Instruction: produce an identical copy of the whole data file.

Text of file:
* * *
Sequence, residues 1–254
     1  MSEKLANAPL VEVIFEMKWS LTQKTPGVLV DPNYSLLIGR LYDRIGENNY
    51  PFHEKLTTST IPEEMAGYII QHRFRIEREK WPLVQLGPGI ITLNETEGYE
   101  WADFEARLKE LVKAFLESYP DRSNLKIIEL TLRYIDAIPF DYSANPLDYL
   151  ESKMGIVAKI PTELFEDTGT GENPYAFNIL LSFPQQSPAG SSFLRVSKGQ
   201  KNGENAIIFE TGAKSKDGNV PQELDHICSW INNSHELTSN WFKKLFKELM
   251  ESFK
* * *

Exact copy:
Sequence, residues 1–254
     1  MSEKLANAPL VEVIFEMKWS LTQKTPGVLV DPNYSLLIGR LYDRIGENNY
    51  PFHEKLTTST IPEEMAGYII QHRFRIEREK WPLVQLGPGI ITLNETEGYE
   101  WADFEARLKE LVKAFLESYP DRSNLKIIEL TLRYIDAIPF DYSANPLDYL
   151  ESKMGIVAKI PTELFEDTGT GENPYAFNIL LSFPQQSPAG SSFLRVSKGQ
   201  KNGENAIIFE TGAKSKDGNV PQELDHICSW INNSHELTSN WFKKLFKELM
   251  ESFK